The calculations originally appeared in this post here, but had my .NET NMeasure library as the focus. I wanted to extract the calculations into its own post to have it readily available.
You may have heard about the global warming summit and that scientists have basically agreed with each other that we should try really hard to avoid the atmosphere to heat up an additional 2 degrees on average. It doesn't sound much, but I was curious what this number means in terms of additional energy that the atmosphere would contain.
The calculation has been kept pretty straightforward:
- We take the volume of the low atmosphere
- We look up the specific heat of air in the proper temperature range (assuming today's average temperature of 14°C) with constant volume.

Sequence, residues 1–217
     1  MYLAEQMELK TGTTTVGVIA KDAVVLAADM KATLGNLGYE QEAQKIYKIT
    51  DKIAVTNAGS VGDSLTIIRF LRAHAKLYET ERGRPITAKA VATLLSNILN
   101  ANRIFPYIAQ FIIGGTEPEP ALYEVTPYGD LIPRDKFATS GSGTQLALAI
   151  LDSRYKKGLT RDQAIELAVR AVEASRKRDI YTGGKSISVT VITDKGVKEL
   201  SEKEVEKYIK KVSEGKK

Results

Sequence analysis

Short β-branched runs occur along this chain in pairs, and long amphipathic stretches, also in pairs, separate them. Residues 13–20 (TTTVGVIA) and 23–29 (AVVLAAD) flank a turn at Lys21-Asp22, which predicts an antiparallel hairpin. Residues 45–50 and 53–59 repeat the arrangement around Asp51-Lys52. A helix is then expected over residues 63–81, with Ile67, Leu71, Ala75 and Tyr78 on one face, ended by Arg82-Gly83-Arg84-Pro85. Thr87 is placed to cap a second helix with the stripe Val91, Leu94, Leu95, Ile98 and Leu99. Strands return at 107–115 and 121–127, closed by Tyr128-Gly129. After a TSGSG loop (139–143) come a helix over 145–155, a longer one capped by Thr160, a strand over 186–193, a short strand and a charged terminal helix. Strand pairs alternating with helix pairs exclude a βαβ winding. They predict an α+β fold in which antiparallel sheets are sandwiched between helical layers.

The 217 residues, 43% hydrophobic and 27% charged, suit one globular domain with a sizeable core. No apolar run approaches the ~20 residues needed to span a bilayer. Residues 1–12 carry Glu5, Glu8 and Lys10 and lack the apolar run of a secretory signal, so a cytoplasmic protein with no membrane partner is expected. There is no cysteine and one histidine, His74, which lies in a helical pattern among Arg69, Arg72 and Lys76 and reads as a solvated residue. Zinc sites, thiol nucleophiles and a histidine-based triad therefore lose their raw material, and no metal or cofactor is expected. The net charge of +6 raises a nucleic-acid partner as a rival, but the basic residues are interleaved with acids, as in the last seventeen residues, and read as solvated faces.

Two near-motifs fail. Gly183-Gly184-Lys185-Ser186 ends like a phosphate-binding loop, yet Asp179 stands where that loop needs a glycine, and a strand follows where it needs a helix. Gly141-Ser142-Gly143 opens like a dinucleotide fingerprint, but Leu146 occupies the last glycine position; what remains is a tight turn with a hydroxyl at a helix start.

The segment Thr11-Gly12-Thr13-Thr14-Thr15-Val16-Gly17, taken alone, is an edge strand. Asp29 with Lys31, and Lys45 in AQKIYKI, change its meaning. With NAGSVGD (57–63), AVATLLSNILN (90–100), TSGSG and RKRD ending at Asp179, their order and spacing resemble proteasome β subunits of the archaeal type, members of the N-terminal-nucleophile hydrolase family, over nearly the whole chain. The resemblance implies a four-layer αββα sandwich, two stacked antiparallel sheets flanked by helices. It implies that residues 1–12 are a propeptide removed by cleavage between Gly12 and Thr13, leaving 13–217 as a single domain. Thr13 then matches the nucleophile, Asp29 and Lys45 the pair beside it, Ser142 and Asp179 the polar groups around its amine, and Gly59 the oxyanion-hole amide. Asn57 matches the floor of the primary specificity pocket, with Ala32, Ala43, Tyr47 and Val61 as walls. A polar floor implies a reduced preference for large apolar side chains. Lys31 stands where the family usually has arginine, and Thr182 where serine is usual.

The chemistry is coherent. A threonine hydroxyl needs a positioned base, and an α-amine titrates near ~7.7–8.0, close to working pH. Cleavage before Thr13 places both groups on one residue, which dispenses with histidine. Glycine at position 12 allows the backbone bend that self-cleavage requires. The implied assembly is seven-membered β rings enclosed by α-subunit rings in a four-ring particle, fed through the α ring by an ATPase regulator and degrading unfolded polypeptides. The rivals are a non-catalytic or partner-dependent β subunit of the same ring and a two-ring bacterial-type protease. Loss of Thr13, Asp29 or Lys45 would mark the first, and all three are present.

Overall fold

- We multiply it all through and get a number.
Let's start with the constants we're using
The volume of the considered air layer is:
Getting the surplus Joules by increasing the temperature of that air layer by 2 degrees gives us:
Gives us a number in Gigajoules of
Sounds quite a lot, and it is. If we compare this to the World's energy production we see that in order to make this amount of energy available, our current worldwide energy production would have to run for almost 19 years.
So, this is very roughly the amount of additional energy we're pumping into our lower athmosphere. Leave it to climate experts to figure out what exactly we can expect from that, but do you really think our climate will soak this amount of energy up and do, like, nothing?